Identical Twins Are One-In-Five-Million After Both Are Born With Down Syndrome
When waiting for a new baby to arrive, most families are just concerned if their children are healthy. For this reason, not everyone chooses to undergo genetic screening before their babies are born. Justin Ackerman and Stephanie Combs from Jacksonville, Florida, welcomed twins into the world two months before their due date on May 12, 2021. They knew one of their babies might have a genetic disorder, but chose not to do the additional testing anyway. Baby girls Mckenli and Kennadi Ackerman were both born with Down syndrome, making them one in a million.
“They’re called mono di twins, meaning that they had their own sacs, but they shared the same placenta, meaning that they were going to be identical,” said Combs. “Mo di twins as it is, it’s like very rare. And then you throw Down syndrome on top of it, it’s like one in 2 million.”
Kennadi Rue and Mckenli are 5 months old now. They were born six weeks early and spent four weeks in the NICU.
Combs said while their condition is rare, they’re no different than anyone else.
“They have feelings. They have a beating heart. They know how to talk. They know how to do things you do. They will get there. Like I said, it may be a step behind but they’re going to do it. I’ve learned these kids are feisty little things and happy little things,” said Combs.
Kennadi Rue and Mckenli Ackerman were born six weeks early and spent four weeks in the NICU. They are 5 months old now.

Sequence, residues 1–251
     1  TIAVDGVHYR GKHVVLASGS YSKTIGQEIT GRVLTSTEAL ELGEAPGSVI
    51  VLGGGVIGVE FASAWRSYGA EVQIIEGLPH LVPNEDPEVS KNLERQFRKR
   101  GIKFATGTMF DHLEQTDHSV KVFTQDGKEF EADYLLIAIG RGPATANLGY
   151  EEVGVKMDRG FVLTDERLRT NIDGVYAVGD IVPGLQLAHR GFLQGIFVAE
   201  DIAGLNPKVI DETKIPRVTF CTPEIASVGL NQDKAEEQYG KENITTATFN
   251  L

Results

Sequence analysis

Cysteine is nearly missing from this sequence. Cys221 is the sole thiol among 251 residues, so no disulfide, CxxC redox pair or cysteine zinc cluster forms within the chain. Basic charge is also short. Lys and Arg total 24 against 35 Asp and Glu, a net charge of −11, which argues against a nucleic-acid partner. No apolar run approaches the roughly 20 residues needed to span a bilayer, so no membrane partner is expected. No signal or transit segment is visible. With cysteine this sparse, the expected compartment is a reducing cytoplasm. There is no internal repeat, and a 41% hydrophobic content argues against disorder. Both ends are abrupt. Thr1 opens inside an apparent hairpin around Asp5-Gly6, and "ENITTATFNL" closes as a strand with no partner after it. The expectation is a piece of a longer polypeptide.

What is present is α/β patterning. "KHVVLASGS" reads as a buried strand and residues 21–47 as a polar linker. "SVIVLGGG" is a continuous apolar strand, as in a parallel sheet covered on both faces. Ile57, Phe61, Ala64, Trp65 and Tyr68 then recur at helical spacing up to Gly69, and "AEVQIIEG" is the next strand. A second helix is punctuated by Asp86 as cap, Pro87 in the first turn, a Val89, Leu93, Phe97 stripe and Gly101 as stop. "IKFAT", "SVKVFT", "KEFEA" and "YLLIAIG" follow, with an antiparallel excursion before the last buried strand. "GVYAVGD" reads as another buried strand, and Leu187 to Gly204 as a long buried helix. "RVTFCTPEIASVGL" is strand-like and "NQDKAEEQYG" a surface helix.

The twins are both incredibly adorable. Both girls are doing well and their parents couldn’t be happier. Combs also said that the twins are very different from one another. Apparently, Kennadi is a “ray of sunshine,” while Mckenli is “a total diva.”
These bundles of joy have gone viral on Tik-Tok. The twins’ Tik-Tok has more than 24,000 followers and one of their videos racked up 1.5 million views.
Combs wants to remind people — especially during Down Syndrome Awareness Month — that children with Down syndrome should not be treated less than.
“They’re just like us. I’m not going to treat them any differently because they have Down syndrome,” said Combs.
Currently, the twins go to speech, occupational and physical therapy weekly.
They’re continuing to meet all their important milestones — proving that no matter what the diagnosis, every child can thrive.
It isn’t easy raising a child whom you love deeply but who the world treats differently just because they look different. Parents who have kids with Down Syndrome know that their children are just like any other, but the negativity attached to the condition can be hard on families.
However, Combs and her family are attempting to smash the stigma and negativity surrounding raising children with Down Syndrome through their TikTok channel. We wish these beautiful girls and their wonderful family the best for their future!